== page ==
Android users are blessed with a number of BitTorrent clients that let them P2P download on the move. The official µTorrent app is probably the most notable, although tTorrent, aTorrent, FrostWire and aDownloader are also popular options. As we discuss at some length here, it is vital when using P2Psoftware to always connect through a VPN.

utorrent android

µTorrent for Android. Note the key icon in the taskbar which lets you know that a VPN service is running.


Editor’s Choice

Winner – ExpressVPN


Positives: Easy-to-use software, excellent speeds, good customer service

Negatives: Bit pricey, but worth it for the features

With apps across all platforms and a mobile clients that blows the competition away, ExpressVPN secures our vote as the Best VPN for mobile security. The download speeds are impressive and the software is straightforward to use. We really love some of the features like automatic protocol selection and server location recommendations.

ExpressVPN boasts round-the-clock customer support and an ultra reliable VPN network spanning 78 countries and hundreds of servers. They are also adding new locations all the time. These guys have done a pretty awesome job in building what we believe to be the best VPN service out there.

The pricing is not the cheapest, but you do get what you pay for. ExpressVPN also offers unlimited bandwidth and supports your mobile device (Android/iOS) for no extra charge.

Try Out the Best VPN for Mobile Today!

Visit ExpressVPN »

30 day moneyback guarantee

2. TorGuard

Positives: no logs, 256-bit AES encryption, accepts Bitcoins, very fast, UK servers, P2P: yes, 5 simultaneous connections, Android app, pre-configured routers available

Negatives: asks for too much information during registration, keeps that info for marketing reasons, some connection problems, no free trial, we’ve received reports of poor customer service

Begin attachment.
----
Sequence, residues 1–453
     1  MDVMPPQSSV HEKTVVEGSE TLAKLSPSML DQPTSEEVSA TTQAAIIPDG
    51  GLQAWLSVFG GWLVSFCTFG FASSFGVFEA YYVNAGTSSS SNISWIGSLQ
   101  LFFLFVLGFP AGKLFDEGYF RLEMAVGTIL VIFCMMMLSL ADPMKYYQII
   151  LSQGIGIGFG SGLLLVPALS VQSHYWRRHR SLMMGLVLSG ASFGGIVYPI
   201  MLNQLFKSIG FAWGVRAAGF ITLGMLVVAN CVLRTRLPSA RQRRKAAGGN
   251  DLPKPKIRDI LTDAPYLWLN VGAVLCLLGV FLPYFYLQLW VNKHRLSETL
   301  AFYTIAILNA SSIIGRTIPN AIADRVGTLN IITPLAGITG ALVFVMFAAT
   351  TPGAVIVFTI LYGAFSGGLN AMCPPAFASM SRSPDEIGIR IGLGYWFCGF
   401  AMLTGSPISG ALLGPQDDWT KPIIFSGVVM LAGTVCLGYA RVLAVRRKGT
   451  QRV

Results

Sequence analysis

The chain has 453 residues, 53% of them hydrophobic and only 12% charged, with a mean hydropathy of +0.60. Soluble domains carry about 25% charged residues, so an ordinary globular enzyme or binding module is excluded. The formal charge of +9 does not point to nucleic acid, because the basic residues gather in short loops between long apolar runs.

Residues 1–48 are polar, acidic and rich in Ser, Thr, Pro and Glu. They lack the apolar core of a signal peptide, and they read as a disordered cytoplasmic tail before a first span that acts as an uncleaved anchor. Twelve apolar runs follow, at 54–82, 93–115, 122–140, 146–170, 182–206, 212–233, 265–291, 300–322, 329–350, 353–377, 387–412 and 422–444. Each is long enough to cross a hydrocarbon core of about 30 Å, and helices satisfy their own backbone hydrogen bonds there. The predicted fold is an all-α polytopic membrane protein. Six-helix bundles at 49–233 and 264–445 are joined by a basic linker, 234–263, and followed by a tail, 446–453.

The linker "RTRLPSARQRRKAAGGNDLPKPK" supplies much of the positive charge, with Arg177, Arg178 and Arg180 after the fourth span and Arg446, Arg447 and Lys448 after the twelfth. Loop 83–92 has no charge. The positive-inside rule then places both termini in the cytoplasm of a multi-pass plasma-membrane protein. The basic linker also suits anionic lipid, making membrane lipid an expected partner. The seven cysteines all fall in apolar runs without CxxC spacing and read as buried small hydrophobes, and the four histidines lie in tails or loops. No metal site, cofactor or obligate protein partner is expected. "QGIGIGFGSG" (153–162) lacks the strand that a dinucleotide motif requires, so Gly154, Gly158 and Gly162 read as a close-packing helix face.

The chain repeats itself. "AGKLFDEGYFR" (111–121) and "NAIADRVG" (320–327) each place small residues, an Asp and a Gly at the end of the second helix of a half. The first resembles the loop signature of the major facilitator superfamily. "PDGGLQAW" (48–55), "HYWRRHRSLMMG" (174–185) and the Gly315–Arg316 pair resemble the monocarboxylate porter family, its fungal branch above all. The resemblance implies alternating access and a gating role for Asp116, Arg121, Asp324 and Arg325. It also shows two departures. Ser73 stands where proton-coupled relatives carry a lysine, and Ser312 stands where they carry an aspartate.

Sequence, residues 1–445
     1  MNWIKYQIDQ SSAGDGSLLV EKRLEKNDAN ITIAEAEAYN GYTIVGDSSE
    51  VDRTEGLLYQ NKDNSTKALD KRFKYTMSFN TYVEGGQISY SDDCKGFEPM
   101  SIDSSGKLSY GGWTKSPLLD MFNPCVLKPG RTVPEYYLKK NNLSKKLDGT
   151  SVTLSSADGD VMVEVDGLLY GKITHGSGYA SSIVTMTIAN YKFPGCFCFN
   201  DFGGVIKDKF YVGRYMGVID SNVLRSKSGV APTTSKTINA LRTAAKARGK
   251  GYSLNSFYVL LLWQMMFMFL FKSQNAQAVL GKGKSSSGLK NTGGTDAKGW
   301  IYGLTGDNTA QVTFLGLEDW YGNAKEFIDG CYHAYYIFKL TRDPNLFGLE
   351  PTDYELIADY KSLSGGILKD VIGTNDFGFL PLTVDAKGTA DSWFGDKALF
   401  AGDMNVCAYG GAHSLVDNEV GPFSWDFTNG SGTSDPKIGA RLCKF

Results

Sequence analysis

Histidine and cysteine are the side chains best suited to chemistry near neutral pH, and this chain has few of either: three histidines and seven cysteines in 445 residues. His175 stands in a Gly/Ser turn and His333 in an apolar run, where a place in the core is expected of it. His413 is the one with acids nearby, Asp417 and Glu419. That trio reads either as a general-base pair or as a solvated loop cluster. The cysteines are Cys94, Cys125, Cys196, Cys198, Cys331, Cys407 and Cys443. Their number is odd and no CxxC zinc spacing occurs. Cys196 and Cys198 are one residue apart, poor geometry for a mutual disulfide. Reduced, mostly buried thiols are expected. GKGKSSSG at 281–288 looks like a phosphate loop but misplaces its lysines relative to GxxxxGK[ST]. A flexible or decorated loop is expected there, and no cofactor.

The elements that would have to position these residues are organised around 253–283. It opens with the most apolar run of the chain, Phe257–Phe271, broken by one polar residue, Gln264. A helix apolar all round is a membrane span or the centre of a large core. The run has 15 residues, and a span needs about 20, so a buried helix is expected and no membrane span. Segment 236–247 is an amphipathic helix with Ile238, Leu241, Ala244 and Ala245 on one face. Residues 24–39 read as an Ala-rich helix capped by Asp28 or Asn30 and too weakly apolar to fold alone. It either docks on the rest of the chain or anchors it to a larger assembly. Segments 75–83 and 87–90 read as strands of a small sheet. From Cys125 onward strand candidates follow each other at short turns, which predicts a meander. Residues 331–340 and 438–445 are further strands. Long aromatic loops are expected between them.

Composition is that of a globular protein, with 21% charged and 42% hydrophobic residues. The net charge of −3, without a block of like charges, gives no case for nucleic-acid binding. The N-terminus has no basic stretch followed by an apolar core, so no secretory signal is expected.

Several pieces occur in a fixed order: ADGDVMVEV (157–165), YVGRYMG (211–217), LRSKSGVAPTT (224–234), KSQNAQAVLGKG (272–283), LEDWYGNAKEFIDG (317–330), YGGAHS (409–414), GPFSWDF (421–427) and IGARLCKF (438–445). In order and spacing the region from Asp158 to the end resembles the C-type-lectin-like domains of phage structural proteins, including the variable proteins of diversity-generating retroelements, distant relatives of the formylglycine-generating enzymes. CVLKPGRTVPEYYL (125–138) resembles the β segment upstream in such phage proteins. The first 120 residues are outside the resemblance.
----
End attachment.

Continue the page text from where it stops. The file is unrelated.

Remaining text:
TorGuard provides an incredibly feature-rich no logs service, covering everything from accepting Bitcoin payment to using 256-bit AES encryption, having built-in DNS leak protection in its client, and scoring blazingly fast results. On the mobile front, it allows up to 5 simultaneous connections, has an Android app, and can supply pre-configured routers. Manual setup guides are provided for Android (PPTP, L2TP/IPsec and OpenVPN), iOS (PPTP, L2TP/IPsec and OpenVPN) and DD-WRT ((PPTP, L2TP/IPsec and OpenVPN).

It is a shame then that we have heard reports of poor customer service, and bad DNS leakage on TorGuard’s servers (a claim backed up by our own experiences when we first used the service).

» Visit TorGuard

3. ibVPN

Positives: cheap, no logs (but many caveats), accepts payments via Bitcoins, P2P: yes, iOS app,  pre-configured routers available

Negatives: painfully slow on a regular basis, many caveats to ‘no logs’ claim, no simultaneous connections

We are not huge fans of ibVPN, as we think it’s ‘no logs’ policy is a bit too loose, and we found the network could grind almost to a halt at peak times, making it totally unusable. It does however provide the best support we have seen for iOS devices, including the only dedicated iOS VPN app we have yet seen (albeit only for PPTP and L2TP).